While Botox is a toxin, when used properly the side effects are usually minimal and temporary.
Botox is an injectable drug made from botulinum toxin type A. This toxin is produced by the bacterium Clostridium botulinum. There are many types of botulinum toxins like Xeomin, Dysport, etc. but Botox is a trademarked brand name that specifically represents onabotulinum toxin A.
Although this is the same toxin that causes botulism (a life threatening form of food poisoning), its effects vary according to the amount and type of exposure. For example, Botox is only injected in small, targeted doses.
When injected, Botox blocks signals from your nerves to your muscles. This prevents the targeted muscles from contracting, which can ease certain muscular conditions and improve the appearance of fine lines and wrinkles.
Keep reading to learn more about the safety of Botox, common uses, side effects to look for, and more.
Although botulinum toxin is life threatening, small doses — like those used in the application of Botox — are considered safe.
With that in mind, some researchers speculate that cosmetic applications may carry less risk than therapeutic Botox injections because the doses are usually much smaller.
Less serious, non-life-threatening adverse effects were more common in cosmetic use, possibly due to the larger volume of patients who receive Botox for cosmetic reasons, vs. patients who undergo medical treatment with Botox.
- superficial reddening of the skin
- drooping eyelid or brow
- pain in the injected area
- other skin discolorations
The majority of these side effects were mild and temporary. Botox is considered safe overall.
You should always go to a board certified dermatologist or plastic surgeon for Botox injections. You’re more likely to experience adverse side effects if your injections aren’t prepared according to FDA standards or injected by an inexperienced healthcare professional.
Wait to receive Botox if you’re pregnant or breastfeeding.
Botox is typically known for its ability to reduce the appearance of wrinkles and fine lines. For example, Botox injections can relax the muscles that cause:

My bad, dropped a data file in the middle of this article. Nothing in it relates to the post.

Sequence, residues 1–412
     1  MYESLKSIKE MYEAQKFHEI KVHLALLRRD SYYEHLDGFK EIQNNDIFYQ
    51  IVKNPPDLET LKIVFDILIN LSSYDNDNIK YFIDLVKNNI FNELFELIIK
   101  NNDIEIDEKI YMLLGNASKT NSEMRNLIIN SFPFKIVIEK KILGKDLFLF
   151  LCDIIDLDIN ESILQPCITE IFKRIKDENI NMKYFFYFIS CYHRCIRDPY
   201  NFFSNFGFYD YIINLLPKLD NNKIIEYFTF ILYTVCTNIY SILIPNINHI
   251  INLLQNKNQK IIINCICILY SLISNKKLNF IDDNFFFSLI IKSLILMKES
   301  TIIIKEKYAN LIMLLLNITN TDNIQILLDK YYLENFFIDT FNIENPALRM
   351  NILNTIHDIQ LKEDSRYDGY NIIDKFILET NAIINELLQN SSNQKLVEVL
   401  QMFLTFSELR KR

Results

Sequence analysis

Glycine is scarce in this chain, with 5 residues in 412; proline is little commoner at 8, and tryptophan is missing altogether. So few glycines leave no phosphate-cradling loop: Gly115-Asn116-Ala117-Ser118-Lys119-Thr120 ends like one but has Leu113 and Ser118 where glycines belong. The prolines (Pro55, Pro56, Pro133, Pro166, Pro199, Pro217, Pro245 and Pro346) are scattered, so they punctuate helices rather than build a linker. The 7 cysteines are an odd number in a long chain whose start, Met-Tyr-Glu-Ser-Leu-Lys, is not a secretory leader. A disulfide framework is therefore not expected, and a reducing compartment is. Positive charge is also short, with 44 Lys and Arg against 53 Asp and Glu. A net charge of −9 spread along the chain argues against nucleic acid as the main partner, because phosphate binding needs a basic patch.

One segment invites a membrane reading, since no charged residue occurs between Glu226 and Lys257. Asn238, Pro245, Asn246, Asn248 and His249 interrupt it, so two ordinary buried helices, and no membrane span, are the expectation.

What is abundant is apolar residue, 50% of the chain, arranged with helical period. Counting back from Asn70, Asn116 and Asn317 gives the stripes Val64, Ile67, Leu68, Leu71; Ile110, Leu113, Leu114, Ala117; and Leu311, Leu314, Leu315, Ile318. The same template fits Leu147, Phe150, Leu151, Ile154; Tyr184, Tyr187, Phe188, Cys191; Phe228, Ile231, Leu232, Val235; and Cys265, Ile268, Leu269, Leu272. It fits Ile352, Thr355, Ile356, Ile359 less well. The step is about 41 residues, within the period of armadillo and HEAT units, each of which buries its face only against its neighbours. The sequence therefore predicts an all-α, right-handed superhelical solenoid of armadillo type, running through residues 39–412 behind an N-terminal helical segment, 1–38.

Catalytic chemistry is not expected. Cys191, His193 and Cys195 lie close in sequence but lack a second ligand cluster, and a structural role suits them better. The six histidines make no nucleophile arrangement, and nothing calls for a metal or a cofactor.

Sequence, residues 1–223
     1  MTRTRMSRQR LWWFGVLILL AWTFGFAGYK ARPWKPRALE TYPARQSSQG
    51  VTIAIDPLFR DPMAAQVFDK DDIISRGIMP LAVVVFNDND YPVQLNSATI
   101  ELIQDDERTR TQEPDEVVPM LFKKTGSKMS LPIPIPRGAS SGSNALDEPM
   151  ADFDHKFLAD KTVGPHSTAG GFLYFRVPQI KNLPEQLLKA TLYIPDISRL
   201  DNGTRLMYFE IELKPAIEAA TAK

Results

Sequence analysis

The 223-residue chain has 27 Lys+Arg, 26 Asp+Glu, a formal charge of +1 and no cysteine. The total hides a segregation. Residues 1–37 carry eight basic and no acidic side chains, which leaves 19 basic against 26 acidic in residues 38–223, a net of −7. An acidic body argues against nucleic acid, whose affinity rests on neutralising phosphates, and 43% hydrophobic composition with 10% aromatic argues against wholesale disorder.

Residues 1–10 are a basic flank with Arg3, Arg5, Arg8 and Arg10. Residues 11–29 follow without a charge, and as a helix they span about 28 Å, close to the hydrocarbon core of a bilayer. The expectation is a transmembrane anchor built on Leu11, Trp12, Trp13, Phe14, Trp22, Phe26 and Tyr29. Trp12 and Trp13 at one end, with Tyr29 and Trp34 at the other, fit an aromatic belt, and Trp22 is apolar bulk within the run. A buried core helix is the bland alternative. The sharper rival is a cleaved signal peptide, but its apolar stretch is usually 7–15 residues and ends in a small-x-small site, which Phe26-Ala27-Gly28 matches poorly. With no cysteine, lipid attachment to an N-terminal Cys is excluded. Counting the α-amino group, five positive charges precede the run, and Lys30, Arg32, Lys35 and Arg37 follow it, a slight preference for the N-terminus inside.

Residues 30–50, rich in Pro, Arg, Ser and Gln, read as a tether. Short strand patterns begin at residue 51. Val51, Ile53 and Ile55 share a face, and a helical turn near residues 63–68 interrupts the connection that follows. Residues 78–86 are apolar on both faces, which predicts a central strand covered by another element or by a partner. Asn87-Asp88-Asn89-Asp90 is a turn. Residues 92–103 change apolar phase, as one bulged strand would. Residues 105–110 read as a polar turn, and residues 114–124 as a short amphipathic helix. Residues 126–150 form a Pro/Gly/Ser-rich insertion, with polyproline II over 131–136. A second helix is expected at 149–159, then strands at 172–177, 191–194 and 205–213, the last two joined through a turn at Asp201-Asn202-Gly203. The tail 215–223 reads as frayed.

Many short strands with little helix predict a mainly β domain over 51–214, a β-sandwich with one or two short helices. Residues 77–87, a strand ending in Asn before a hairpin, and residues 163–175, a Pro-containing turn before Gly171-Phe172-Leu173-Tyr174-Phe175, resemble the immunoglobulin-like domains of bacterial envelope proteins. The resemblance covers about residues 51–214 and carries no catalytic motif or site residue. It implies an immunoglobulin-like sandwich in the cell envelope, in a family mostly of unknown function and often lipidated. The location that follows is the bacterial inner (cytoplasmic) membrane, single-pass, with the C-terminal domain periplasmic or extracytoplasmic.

- crow’s feet, or wrinkles that appear at the outer corner of the eyes
- frown lines between the eyebrows
- forehead creases
Botox is also used to treat underlying muscular conditions, such as:
Although Botox injections are relatively safe, minor side effects are possible. These include:
Some side effects are tied to the area of injection. For example, if you get injections in the eye area, you may experience:
- drooping eyelids
- uneven eyebrows
- dry eyes
- excessive tearing
Injections around the mouth may result in a “crooked” smile or drooling.
Most side effects are usually temporary and should fade within a few days.
But drooping eyelids, drooling, and asymmetry are all caused by the unintentional effects of the toxin on muscles surrounding the target areas of the drug. These side effects may take several weeks to improve as the toxin wears off.
In rare cases, you may develop botulism-like symptoms. Seek immediate medical attention if you begin experiencing:
- difficulty speaking
- difficulty swallowing
- difficulty breathing
- vision problems
- loss of bladder control
- general weakness
Since the effects of Botox injections are temporary, most people get repeated injections over time. But research on long-term effectiveness and safety is limited.
They ultimately concluded that the risk of adverse effects didn’t increase over time. People who received repeated injections also had better treatment success in the long term.
But the results of a 2015 research review suggest that adverse effects may appear after the 10th or 11th injection.
For example, researchers in the
- difficulty swallowing
- drooping eyelid
- neck weakness
- blurred vision
- general or marked weakness
- difficulty chewing
- difficulty speaking
- heart palpitations
More research is needed to understand the potential long-term effects of Botox.
If you’re considering Botox treatments, it’s important to work with a licensed and experienced healthcare professional.
Working with someone who is not licensed may be more affordable or convenient, but doing so can increase your risk of complications. Remember, the toxin lasts 3 to 6 months, and you’ll likely need to return for multiple treatments.
As with any procedure, side effects are possible. Talk with your doctor about what you can expect during the injection process and in the subsequent recovery period. They can answer any questions you may have and discuss your individual benefits and risks.